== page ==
Beating their rivals is one thing, but ensuring harmony within UAE Team Emirates' own ranks is also a crucial part of Gianetti’s preparation for this season. With such a plethora of talent on their roster and so many riders who have the potential to win the world’s biggest races, it’s imperative that each of UAE’s stars feels like they have the opportunities to race for themselves. With two-time winner Tadej Pogačar currently holding a monopoly on leadership at the Tour, riders like Adam Yates and McNulty need to be suitably rewarded for sacrificing their own chances at victory. 

“I think the biggest problem Richard Plugge had last year was the Vuelta,” Gianetti laughed. “The reality is we have so many races during the year, it’s important that each rider, when they come with us, they have both a space to do their own results and a period where they probably need to help the team. At the same time, they know when they have the opportunity to be a leader they will have a great team in support. Cycling gives opportunity from January to October and each rider can take their opportunity in the season. With us they know when they get that opportunity, they also get a great team helping them.”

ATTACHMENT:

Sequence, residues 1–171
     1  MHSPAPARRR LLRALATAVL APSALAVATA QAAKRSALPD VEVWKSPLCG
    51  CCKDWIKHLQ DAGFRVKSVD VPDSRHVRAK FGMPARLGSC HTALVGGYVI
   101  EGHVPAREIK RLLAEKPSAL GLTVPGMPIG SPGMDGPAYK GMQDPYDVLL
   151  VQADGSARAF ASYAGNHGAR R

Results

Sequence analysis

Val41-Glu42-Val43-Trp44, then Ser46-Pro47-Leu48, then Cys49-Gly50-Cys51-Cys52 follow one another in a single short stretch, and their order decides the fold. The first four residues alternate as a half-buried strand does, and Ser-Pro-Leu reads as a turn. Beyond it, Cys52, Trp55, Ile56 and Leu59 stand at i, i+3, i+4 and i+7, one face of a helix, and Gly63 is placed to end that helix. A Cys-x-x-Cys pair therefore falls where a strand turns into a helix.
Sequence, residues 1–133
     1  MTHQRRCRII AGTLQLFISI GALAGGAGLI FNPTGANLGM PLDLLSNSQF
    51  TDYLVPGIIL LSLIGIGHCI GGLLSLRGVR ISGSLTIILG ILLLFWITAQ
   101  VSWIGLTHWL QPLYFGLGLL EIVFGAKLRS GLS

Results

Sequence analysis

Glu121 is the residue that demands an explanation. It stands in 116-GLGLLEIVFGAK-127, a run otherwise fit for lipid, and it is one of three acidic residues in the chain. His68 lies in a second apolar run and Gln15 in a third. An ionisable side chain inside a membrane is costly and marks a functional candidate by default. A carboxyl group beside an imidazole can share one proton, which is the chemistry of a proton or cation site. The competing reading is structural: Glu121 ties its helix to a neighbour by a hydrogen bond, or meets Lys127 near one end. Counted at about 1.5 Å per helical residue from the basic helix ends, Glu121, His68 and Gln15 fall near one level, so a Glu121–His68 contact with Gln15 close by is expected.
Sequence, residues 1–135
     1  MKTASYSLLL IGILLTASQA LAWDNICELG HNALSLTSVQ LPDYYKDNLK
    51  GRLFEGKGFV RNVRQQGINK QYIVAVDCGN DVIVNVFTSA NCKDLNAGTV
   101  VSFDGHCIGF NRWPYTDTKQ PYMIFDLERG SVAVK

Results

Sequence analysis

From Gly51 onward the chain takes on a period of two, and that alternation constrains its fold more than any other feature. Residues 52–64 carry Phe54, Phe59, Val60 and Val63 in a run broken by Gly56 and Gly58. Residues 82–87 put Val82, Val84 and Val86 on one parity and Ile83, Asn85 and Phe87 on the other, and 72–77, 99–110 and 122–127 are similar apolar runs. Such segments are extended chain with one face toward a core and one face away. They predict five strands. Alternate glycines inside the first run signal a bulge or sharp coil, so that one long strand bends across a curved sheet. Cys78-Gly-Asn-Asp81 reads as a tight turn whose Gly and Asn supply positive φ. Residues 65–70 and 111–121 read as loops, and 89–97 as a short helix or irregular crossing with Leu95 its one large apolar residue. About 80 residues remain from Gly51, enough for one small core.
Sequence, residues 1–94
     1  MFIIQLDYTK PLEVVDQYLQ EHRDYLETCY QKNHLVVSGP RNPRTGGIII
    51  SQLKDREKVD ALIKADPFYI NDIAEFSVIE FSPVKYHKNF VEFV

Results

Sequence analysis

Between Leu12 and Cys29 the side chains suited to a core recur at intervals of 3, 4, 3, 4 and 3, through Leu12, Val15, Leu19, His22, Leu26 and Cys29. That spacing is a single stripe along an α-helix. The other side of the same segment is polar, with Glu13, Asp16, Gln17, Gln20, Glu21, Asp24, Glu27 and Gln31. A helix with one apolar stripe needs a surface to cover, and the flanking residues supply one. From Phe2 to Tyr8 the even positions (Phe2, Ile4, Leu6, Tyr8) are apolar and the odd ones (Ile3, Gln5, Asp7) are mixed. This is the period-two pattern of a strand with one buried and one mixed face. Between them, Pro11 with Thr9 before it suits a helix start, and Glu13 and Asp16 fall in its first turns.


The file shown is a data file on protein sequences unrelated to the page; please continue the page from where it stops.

As the UAE Tour moves to the mountain of Jebel Jais in Wednesday's third stage, and eventually to the famed Jebel Hafeet at the end of the week, UAE Team Emirates are perfectly poised after today’s time trial to take the overall general classification victory in their home race. McNulty, Vine and Bjerg sit in the top three positions on GC, while the team’s climber, Adam Yates, is only 28 seconds down the rankings – a gap easily narrowed when the roads kick up.

With so many options, the only question that really remains is which UAE Team Emirates rider will eventually stand on the top step of the podium of the UAE Tour in five days' time. Suggestions of any infighting have been quickly put to rest by the team themselves, and the general consensus is that the roads to Jebel Hafeet will decide who wins. After all, as long as it’s the Emirati team’s jersey taking victory, the sponsors are happy, the budget keeps rolling in, and Gianetti’s vision can continue to be fulfilled.

Cover image: RCS